Featured Research

from universities, journals, and other organizations

Incidence of non-fatal pediatric firearm injuries in U.S. higher than previously estimated, study finds

Date:
October 17, 2011
Source:
American Academy of Pediatrics
Summary:
From 1999 to 2007, there were 185,950 emergency department visits in the U.S. for firearm injuries in children aged 0 to 19 years. A new study provides an overview of these injuries, including a variety of risk factors including age, race, hospital location, and insurance type.

From 1999 to 2007, there were 185,950 emergency department (ED) visits in the U.S. for firearm injuries in children aged 0 to 19 years. A new abstract presented Oct. 17 at the American Academy of Pediatrics (AAP) National Conference and Exhibition in Boston, provided an overview of these injuries, including a variety of risk factors including age, race, hospital location, and insurance type.

Researchers analyzed data from the National Hospital Ambulatory Medical Care Survey of U.S. emergency department and ambulatory care visits and found that approximately 20,600 firearm injuries occur each year in children aged 0 to 19 years. Of these injuries, 4.5 percent, or 8,368 were fatal. Sixty- three percent of these injuries were intentional; 37 percent, or more than a third of these injuries, were unintentional.

Male children, adolescents aged 11 and older, and those of black race, were at higher risk for an ED visit secondary to a firearm injury.

Overall, the rate of non-fatal pediatric firearm injuries was 30 percent higher than previously reported according to lead study author Saranya Srinivasan, MD.

"This is a significant finding," said Srinivasan. "Perhaps we are underestimating the true scope of this problem."

In addition, "We know there are certain pediatric populations at higher risk for firearm injuries. We hope this research will bring attention to the issue of pediatric firearm injuries, and that we can continue to focus our efforts on firearm injury prevention campaigns, including targeting the regions and groups at the greatest risk for these injuries."


Story Source:

The above story is based on materials provided by American Academy of Pediatrics. Note: Materials may be edited for content and length.


Cite This Page:

American Academy of Pediatrics. "Incidence of non-fatal pediatric firearm injuries in U.S. higher than previously estimated, study finds." ScienceDaily. ScienceDaily, 17 October 2011. <www.sciencedaily.com/releases/2011/10/111017092229.htm>.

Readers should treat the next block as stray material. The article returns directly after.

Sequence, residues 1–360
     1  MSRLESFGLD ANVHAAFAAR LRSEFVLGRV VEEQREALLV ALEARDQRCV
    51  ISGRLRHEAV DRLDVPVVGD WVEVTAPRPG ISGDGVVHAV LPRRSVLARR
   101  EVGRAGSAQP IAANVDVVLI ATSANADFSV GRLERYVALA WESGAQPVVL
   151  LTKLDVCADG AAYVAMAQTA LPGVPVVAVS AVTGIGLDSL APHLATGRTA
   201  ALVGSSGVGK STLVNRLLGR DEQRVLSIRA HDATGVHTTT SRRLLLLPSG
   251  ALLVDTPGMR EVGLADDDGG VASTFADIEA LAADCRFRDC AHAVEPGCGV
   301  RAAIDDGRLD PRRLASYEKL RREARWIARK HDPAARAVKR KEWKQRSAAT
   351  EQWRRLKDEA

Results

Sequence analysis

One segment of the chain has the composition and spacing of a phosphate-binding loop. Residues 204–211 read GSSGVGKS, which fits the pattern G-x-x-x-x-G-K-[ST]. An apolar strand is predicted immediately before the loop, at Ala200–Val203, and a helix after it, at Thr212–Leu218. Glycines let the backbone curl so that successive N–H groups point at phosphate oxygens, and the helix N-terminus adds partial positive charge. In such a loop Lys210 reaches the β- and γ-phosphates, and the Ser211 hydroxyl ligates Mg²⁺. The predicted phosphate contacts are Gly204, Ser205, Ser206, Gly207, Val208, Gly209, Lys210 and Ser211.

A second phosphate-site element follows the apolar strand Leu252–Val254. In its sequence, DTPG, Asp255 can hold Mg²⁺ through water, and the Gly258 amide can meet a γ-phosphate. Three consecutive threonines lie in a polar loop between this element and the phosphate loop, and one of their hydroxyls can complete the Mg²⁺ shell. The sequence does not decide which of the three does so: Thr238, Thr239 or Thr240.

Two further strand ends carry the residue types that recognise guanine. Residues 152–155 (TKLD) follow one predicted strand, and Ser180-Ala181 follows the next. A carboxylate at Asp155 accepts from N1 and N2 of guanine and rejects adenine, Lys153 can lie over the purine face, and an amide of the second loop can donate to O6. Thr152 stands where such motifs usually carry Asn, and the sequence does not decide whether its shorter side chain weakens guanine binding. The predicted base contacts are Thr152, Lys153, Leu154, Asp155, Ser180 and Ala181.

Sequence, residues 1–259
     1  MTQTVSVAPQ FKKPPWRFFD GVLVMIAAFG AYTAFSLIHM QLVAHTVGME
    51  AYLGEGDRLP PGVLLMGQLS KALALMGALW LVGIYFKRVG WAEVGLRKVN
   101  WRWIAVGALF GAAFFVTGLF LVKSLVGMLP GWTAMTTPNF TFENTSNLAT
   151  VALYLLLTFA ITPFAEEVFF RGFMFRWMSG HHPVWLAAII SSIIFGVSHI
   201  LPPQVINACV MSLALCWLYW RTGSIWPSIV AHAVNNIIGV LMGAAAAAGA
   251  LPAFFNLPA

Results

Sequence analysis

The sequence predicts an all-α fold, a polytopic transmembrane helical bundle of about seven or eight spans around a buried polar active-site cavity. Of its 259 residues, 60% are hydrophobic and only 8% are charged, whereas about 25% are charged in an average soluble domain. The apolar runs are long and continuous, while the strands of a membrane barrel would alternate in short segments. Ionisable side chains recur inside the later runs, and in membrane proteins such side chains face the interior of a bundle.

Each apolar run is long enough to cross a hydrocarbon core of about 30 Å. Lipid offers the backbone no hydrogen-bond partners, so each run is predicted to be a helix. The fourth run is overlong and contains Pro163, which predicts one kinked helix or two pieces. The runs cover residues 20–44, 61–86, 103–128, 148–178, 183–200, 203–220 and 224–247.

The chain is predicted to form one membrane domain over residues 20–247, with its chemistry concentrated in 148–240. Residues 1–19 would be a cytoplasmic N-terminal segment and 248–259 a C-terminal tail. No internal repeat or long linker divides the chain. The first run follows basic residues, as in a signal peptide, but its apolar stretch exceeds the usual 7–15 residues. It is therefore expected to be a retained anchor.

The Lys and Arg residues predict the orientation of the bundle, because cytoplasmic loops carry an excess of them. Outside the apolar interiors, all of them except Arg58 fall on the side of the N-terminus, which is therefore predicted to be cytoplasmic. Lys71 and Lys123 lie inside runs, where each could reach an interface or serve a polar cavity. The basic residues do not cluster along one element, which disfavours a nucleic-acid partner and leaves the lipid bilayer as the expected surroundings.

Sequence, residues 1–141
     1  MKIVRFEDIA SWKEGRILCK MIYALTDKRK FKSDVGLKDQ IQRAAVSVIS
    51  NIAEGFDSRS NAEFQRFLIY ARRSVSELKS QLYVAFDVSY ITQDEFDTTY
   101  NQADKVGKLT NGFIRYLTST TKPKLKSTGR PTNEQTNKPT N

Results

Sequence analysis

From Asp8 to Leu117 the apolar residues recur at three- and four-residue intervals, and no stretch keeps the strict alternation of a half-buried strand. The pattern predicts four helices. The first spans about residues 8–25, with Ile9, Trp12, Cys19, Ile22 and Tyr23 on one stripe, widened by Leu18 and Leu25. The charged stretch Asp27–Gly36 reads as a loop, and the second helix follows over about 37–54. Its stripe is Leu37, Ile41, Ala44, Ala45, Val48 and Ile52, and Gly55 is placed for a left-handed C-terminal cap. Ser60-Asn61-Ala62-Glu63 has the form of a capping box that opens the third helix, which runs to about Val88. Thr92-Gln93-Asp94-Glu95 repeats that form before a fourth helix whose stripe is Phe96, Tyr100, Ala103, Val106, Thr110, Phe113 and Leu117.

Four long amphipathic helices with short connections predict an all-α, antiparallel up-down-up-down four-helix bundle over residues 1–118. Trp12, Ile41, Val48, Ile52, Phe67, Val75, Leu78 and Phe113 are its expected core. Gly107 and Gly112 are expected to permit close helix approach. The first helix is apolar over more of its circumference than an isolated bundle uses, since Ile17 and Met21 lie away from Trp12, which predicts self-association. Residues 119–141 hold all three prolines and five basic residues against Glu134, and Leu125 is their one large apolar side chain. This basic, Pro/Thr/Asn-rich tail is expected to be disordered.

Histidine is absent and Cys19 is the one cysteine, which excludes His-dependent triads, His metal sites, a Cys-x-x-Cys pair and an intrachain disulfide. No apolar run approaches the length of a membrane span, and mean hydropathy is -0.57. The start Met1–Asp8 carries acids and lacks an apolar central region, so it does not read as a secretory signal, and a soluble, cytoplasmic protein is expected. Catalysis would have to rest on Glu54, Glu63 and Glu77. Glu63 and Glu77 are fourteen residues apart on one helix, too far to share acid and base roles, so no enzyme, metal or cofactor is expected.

American Academy of Pediatrics. (2011, October 17). Incidence of non-fatal pediatric firearm injuries in U.S. higher than previously estimated, study finds. ScienceDaily. Retrieved April 18, 2014 from www.sciencedaily.com/releases/2011/10/111017092229.htm
American Academy of Pediatrics. "Incidence of non-fatal pediatric firearm injuries in U.S. higher than previously estimated, study finds." ScienceDaily. www.sciencedaily.com/releases/2011/10/111017092229.htm (accessed April 18, 2014).

Share This



More Health & Medicine News

Friday, April 18, 2014

Featured Research

from universities, journals, and other organizations


Featured Videos

from AP, Reuters, AFP, and other news services

Scientists Create Stem Cells From Adult Skin Cells

Scientists Create Stem Cells From Adult Skin Cells

Newsy (Apr. 17, 2014) The breakthrough could mean a cure for some serious diseases and even the possibility of human cloning, but it's all still a way off. Video provided by Newsy
Powered by NewsLook.com
Obama: 8 Million Healthcare Signups

Obama: 8 Million Healthcare Signups

AP (Apr. 17, 2014) President Barack Obama gave a briefing Thursday announcing 8 million people have signed up under the Affordable Care Act. He blasted continued Republican efforts to repeal the law. (April 17) Video provided by AP
Powered by NewsLook.com
Is Apathy A Sign Of A Shrinking Brain?

Is Apathy A Sign Of A Shrinking Brain?

Newsy (Apr. 17, 2014) A recent study links apathetic feelings to a smaller brain. Researchers say the results indicate a need for apathy screening for at-risk seniors. Video provided by Newsy
Powered by NewsLook.com
Could Even Casual Marijuana Use Alter Your Brain?

Could Even Casual Marijuana Use Alter Your Brain?

Newsy (Apr. 16, 2014) A new study conducted by researchers at Northwestern and Harvard suggests even casual marijuana use can alter your brain. Video provided by Newsy
Powered by NewsLook.com

Search ScienceDaily

Number of stories in archives: 140,361

Find with keyword(s):
Enter a keyword or phrase to search ScienceDaily for related topics and research stories.

Save/Print:
Share:

Breaking News:
from the past week

In Other News

... from NewsDaily.com

Science News

Health News

Environment News

Technology News



Save/Print:
Share:

Free Subscriptions


Get the latest science news with ScienceDaily's free email newsletters, updated daily and weekly. Or view hourly updated newsfeeds in your RSS reader:

Get Social & Mobile


Keep up to date with the latest news from ScienceDaily via social networks and mobile apps:

Have Feedback?


Tell us what you think of ScienceDaily -- we welcome both positive and negative comments. Have any problems using the site? Questions?
Mobile: iPhone Android Web
Follow: Facebook Twitter Google+
Subscribe: RSS Feeds Email Newsletters
Latest Headlines Health & Medicine Mind & Brain Space & Time Matter & Energy Computers & Math Plants & Animals Earth & Climate Fossils & Ruins